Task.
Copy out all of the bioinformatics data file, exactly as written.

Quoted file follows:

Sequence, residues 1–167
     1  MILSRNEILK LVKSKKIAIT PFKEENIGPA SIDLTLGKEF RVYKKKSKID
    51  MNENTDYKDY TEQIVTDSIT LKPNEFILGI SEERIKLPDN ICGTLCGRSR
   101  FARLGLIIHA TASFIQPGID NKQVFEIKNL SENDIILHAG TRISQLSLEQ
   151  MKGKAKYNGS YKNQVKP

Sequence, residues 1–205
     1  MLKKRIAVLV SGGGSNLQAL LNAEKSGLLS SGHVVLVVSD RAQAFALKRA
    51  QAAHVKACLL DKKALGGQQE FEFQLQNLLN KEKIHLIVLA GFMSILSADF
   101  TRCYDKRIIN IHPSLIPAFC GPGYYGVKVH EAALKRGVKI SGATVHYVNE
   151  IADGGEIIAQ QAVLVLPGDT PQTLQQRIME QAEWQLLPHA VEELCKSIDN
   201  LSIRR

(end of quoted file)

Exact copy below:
Sequence, residues 1–167
     1  MILSRNEILK LVKSKKIAIT PFKEENIGPA SIDLTLGKEF RVYKKKSKID
    51  MNENTDYKDY TEQIVTDSIT LKPNEFILGI SEERIKLPDN ICGTLCGRSR
   101  FARLGLIIHA TASFIQPGID NKQVFEIKNL SENDIILHAG TRISQLSLEQ
   151  MKGKAKYNGS YKNQVKP

Sequence, residues 1–205
     1  MLKKRIAVLV SGGGSNLQAL LNAEKSGLLS SGHVVLVVSD RAQAFALKRA
    51  QAAHVKACLL DKKALGGQQE FEFQLQNLLN KEKIHLIVLA GFMSILSADF
   101  TRCYDKRIIN IHPSLIPAFC GPGYYGVKVH EAALKRGVKI SGATVHYVNE
   151  IADGGEIIAQ QAVLVLPGDT PQTLQQRIME QAEWQLLPHA VEELCKSIDN
   201  LSIRR